How Conducted

The devil uses the serpent.  He did not come to Adam and Eve in the form of a serpent, but in a serpent.  We understand that the story as recorded in Genesis 3 is real, historical.  There was a real serpent.  And that serpent actually talked.  The account of Genesis 3 is not a myth, or an allegory, but a real fact and historical incident.  This animal, we read, was more subtle than any beast of the field which the Lord God had made.  This must not be understood in an evil sense.  Every creature, also the serpent, was good.  The serpent was more subtle in the sense that it was the most brilliant of all the animals.  We also believe that, prior to the fall of man and the entrance of sin into the world, it walked on legs and feet.  That it crawls upon its belly is because of the curse of God.  Moreover, this animal could talk.  I have already remarked that the serpent did the speaking in Genesis 3, although, of course, it was prompted by the devil.  The devil is a spirit, does not speak directly to us, does not have a body and therefore a tongue.  He spoke through the serpent.  He was in that serpent.  And he selected the serpent because that animal undoubtedly stood closest to man.  It was Adam’s “pet”!

Satan approaches Eve first.  This is intentional, of course.  This was part of his devilish strategy.  Eve was not the head of the human race.  Adam was that head.  Eve’s sin would not affect the human race.  Of course, to suppose a situation in which Eve would have sinned and not Adam is foolishness.  Both must fall, according to the unchangeable will and counsel of the Lord.  But, had Eve sinned and not Adam, God would undoubtedly have created another woman for Adam.  Hence, the devil approaches Eve because he would use her to tempt Adam.  Such was the devil’s clever plan of attack.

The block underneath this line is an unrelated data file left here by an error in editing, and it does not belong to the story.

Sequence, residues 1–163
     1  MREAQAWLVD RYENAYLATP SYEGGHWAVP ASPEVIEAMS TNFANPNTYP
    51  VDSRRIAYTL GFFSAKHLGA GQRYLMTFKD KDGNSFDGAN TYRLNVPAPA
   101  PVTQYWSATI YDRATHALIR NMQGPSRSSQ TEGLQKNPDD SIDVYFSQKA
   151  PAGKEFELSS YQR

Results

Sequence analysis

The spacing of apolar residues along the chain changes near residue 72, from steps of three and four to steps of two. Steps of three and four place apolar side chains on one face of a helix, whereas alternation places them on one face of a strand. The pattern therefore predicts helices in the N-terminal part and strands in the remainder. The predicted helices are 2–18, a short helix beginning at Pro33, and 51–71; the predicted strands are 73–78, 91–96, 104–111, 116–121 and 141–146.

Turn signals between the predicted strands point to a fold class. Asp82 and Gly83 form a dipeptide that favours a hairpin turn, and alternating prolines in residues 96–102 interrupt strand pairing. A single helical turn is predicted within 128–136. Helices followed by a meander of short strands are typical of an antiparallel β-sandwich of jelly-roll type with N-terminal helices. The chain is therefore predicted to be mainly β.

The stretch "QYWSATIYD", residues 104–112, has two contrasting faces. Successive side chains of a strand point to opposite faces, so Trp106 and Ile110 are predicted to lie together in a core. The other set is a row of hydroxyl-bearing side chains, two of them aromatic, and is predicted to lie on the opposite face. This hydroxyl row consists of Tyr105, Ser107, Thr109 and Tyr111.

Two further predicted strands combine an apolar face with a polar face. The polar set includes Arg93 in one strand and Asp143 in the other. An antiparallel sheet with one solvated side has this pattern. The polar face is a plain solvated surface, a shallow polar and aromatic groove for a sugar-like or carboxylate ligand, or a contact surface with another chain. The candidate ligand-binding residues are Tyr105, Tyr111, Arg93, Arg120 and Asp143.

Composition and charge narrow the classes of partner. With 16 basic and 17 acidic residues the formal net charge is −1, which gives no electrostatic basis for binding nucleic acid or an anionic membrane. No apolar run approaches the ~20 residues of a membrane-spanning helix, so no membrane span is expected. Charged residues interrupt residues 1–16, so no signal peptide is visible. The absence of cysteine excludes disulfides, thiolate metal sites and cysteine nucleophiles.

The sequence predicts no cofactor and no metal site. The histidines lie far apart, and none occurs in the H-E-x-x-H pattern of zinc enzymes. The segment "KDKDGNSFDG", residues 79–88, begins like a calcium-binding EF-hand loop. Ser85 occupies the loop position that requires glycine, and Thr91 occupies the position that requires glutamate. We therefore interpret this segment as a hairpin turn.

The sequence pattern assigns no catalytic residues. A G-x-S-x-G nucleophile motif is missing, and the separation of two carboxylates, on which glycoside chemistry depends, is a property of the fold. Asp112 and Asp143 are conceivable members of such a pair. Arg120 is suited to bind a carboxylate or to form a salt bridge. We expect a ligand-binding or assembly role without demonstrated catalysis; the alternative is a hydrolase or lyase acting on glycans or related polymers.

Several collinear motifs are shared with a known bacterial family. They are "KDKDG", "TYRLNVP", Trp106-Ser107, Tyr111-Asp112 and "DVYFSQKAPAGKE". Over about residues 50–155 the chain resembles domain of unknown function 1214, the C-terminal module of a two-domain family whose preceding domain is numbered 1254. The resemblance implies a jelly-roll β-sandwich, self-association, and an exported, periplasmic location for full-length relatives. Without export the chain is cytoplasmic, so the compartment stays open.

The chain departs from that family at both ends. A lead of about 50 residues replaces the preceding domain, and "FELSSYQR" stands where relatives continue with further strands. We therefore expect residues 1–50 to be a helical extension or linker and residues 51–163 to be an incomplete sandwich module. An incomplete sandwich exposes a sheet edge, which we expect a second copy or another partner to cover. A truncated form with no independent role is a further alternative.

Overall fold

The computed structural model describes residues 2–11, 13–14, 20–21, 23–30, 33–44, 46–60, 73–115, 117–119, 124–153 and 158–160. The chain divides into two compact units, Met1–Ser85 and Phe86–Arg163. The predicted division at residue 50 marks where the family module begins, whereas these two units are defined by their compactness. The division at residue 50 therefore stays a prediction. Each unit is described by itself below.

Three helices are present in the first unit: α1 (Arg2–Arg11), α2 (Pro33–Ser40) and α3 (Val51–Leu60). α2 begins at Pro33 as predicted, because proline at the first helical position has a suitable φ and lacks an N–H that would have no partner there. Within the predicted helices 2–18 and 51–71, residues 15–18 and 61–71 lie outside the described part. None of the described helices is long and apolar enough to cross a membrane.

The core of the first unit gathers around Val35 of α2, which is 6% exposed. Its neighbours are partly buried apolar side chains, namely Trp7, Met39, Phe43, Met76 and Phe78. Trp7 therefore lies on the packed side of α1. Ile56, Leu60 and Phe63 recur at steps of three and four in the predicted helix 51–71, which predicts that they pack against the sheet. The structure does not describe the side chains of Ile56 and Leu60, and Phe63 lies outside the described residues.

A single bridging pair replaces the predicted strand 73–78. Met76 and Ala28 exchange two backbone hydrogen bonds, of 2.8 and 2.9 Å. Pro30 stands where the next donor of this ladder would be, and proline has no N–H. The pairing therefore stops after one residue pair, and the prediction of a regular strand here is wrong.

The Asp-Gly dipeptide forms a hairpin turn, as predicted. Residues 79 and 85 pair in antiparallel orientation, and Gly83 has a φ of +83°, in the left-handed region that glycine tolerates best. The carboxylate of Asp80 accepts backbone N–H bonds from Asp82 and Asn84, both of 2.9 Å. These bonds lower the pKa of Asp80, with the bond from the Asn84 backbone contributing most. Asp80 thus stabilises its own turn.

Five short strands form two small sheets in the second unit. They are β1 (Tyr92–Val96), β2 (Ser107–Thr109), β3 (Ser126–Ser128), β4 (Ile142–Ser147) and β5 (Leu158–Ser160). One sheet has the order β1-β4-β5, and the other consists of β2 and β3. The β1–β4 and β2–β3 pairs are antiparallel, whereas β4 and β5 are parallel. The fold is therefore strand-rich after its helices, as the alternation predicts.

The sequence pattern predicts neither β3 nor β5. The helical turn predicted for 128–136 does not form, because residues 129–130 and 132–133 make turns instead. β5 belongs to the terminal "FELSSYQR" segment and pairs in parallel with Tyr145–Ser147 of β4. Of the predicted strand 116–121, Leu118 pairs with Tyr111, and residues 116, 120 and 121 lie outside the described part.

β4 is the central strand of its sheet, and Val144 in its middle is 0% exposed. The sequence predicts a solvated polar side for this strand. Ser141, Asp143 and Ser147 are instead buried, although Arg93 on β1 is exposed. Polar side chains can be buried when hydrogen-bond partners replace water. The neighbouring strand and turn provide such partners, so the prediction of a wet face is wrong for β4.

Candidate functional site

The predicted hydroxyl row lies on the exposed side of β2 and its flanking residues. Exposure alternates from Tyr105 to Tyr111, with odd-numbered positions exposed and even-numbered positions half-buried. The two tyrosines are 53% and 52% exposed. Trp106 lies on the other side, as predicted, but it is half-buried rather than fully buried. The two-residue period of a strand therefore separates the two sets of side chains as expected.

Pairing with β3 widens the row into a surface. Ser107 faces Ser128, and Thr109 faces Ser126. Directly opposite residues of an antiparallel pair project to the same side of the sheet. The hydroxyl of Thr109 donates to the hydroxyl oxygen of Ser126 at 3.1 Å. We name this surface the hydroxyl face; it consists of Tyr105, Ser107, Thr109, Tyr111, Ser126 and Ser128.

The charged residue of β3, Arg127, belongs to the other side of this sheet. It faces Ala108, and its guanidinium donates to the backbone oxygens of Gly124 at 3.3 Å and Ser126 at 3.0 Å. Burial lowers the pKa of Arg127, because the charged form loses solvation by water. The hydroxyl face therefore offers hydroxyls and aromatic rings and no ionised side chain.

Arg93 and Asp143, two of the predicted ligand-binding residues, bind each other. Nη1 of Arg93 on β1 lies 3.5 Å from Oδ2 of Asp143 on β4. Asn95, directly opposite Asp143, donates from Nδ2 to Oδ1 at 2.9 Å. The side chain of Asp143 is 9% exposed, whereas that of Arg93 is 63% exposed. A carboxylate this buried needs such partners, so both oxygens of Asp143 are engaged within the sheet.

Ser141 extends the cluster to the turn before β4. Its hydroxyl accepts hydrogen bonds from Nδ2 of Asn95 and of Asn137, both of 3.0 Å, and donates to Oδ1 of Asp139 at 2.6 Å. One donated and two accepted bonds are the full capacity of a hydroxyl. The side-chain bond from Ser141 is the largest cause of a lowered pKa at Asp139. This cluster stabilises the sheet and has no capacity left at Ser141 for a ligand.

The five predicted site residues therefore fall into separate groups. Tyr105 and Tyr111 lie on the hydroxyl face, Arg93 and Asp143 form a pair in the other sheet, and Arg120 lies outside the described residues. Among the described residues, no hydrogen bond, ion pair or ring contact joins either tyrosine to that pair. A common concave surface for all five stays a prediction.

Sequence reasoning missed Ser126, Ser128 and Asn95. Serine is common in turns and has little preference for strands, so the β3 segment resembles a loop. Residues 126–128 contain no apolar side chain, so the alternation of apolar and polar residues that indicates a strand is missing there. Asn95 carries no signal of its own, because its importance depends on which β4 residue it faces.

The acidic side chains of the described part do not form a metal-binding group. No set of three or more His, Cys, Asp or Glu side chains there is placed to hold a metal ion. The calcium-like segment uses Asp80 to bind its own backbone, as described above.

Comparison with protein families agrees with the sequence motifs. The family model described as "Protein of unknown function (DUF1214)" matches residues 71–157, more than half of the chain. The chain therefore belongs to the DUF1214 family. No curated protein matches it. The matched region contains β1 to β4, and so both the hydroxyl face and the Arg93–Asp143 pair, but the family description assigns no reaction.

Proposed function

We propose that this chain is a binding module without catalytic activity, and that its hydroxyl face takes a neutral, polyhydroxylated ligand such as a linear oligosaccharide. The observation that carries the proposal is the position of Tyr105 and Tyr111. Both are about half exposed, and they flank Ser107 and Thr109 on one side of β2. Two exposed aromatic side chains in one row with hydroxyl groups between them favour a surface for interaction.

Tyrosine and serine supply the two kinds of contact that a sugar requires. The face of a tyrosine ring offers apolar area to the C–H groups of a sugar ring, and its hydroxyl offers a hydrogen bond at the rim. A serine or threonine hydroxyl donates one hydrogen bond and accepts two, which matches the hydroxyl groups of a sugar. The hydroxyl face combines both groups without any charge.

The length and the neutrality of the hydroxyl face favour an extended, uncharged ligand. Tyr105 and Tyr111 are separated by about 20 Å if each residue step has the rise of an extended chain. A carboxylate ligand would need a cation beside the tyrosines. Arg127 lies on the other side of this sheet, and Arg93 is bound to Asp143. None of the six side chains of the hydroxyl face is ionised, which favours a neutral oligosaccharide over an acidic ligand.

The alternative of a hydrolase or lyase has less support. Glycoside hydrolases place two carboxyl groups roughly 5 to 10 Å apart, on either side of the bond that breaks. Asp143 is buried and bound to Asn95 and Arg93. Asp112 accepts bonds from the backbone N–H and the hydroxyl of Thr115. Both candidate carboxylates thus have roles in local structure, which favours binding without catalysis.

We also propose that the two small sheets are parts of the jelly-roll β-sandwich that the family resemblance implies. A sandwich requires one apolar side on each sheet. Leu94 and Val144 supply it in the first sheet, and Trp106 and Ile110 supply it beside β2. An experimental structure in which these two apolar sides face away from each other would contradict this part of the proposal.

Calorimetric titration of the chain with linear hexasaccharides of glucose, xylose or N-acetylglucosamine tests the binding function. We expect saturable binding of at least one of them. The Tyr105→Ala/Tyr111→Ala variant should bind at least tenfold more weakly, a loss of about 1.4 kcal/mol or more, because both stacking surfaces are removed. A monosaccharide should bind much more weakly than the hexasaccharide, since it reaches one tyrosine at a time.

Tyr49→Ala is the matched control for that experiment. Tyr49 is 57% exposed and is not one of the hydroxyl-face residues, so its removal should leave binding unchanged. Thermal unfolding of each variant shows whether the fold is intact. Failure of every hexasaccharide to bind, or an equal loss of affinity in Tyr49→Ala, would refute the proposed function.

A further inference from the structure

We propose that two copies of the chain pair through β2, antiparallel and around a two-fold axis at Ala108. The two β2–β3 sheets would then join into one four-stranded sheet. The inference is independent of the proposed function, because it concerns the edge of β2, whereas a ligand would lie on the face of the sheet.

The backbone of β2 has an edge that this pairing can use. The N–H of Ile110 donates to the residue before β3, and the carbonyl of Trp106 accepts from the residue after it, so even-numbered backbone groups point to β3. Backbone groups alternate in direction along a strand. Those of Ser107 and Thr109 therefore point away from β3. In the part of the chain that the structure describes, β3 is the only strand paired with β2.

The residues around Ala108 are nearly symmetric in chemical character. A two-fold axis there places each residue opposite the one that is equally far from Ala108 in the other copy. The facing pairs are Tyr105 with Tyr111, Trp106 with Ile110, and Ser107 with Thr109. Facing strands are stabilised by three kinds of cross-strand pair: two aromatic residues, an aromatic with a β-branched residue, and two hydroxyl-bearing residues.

It is not necessary for me to repeat what we read in verses 1-5.  Satan presents the idea that man may not eat of all the trees in the garden as absurd.  Were they not all good?  How ridiculous, therefore, that one may not eat of all the trees in the garden, that there could actually be a tree in that garden of perfection whereas Adam and Eve were not allowed to eat!  Satan reveals himself here Satan (the word means:  adversary) and as devil (this word means:  liar).  He is Satan because he opposes God.  He places his word over against that of the Lord.  He contradicts God.  He always does.  He is God’s adversary.  Not dualistically, as if the devil can ever resist God.  Of course not!  God uses him also!  But he is God’s adversary spiritually, hates God, and seeks to dispose of Him in the world.  He would have men serve him and not the living God.  He also reveals himself as “devil,” the liar.  He makes God a liar.  He declares that God lied when He told Adam and Eve that they would surely die.  God knew that they would not die, but that they would become as He.  The Lord was afraid of that.  He, therefore, intimidated our first parents.  How diabolical.  And, how foolish!  Did not the Lord make that tree also?  Would its fruit cause anyone to become as the Creator?  Incidentally, Eve’s first mistake was that she entered into conversation with the devil.  She should have silenced him with the Word of the Lord and turned her back upon him.  It is folly to converse and argue with the devil.  Jesus did not argue with him.  Notice what we read in Matt. 4:10.  He quotes the Scriptures and commands him:  “Get thee hence.”